i. Regarding holiness, we are told without which no one will see the Lord. A lack of holiness is a critical obstacle to a close relationship with God.

b. Lest anyone fall short of the grace of God: We must get right with God's grace. So look diligently to keep both yourself and others from a return to legalism in either outward form or inward attitude that falls short of God's grace, lest any root of bitterness springing up cause trouble.

i. "A bitter root is a root that bears bitter fruit … So it is possible for the seed of bitterness to be sown in a community and, though nothing is immediately apparent, in due time the inevitable fruit appears." (Morris)

ii. Many are corrupted because of bitterness towards someone they feel has wronged them, and they hold on to the bitterness with amazing stubbornness! What they must do is remember the grace of God extended to them, and start extending that grace towards others - loving the undeserving.

iii. A legalistic attitude will always produce a bitterness that defiles many; its emphasis on what we should do for God before what He has done for us in Jesus puts us (and those around us) in a terrible performance trap.

c. Lest there be any fornicator or profane person: Get right with your moral conduct; remember that there are blessings reserved only for the pure in heart: they shall see God (Matthew 5:8).

i. Like Esau, who for one morsel of food sold his birthright: Many Christians today sell a birthright of intimacy with God as cheaply as Esau sold his birthright (Genesis 25:29-34 and 27:30-40).

ii. Though he sought it diligently with tears: Esau's birthright wasn't restored simply because he wished it back. It could never be regained because he despised it.

3. (Heb 12:18-24) Get bold.

For you have not come to the mountain that may be touched and that burned with fire, and to blackness and darkness and tempest, and the sound of a trumpet and the voice of words, so that those who heard it begged that the word should not be spoken to them anymore. (For they could not endure what was commanded: "And if so much as a beast touches the mountain, it shall be stoned or shot with an arrow." And so terrifying was the sight that Moses said, "I am exceedingly afraid and trembling.") But you have come to Mount Zion and to the city of the living God, the heavenly Jerusalem, to an innumerable company of angels, to the general assembly and church of the firstborn who are registered in heaven, to God the Judge of all, to the spirits of just men made perfect, to Jesus the Mediator of the new covenant, and to the blood of sprinkling that speaks better things than that of Abel.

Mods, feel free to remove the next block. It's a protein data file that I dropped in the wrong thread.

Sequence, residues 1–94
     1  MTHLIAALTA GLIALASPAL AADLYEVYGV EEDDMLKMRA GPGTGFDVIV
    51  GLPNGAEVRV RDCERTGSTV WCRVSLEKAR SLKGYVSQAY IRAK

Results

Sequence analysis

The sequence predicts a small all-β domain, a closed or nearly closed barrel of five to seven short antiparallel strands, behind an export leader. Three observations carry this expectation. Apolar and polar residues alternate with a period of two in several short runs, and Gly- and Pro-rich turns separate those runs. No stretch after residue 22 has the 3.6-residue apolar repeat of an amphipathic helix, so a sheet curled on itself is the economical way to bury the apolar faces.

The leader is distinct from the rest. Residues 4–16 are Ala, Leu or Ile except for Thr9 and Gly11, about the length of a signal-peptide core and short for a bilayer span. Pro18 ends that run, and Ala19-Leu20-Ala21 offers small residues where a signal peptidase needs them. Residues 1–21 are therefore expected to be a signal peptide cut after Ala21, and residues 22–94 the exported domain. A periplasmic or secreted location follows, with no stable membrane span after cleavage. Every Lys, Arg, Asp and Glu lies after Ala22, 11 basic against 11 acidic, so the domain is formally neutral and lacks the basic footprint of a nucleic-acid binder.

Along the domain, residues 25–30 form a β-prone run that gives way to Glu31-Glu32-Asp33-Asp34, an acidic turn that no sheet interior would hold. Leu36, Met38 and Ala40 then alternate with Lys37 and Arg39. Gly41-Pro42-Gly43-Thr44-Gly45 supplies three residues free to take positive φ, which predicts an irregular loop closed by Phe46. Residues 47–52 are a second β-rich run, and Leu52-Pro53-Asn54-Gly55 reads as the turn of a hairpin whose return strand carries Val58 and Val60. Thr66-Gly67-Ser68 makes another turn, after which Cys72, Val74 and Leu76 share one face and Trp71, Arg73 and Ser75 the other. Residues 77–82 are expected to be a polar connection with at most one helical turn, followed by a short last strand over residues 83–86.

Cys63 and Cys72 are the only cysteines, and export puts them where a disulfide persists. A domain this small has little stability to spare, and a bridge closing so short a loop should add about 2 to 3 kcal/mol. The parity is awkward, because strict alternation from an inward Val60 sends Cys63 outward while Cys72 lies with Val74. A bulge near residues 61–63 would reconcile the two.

a. For you have not come to the mountain that may be touched and that burned with fire: Exodus 19:10-25 explains what it was like when Israel came to Mount Sinai. The mountain was fenced off; there was no trespassing, on pain of death. They were commanded to wash their clothes and abstain from sexual relations. There was thunder, lightning and a thick cloud. There was the sound of a trumpet, calling forth the nation to meet with God. There was more smoke, like a furnace, and earthquakes; then the trumpet sounded long - until Moses spoke, and God Himself answered. God spoke to Israel from Sinai, but warned them in every way possible to stay away.

b. So that those who heard it begged that the word should not be spoken to them anymore: The reaction of Israel was understandable: they were terrified (Exodus 20:18-21). They wanted the experience to stop, not to continue.

i. Did this fear work in promoting holiness among the people of Israel? Did it change the heart of Israel? 40 days later, they worshipped a gold calf, saying it was the god that brought them out of Egypt!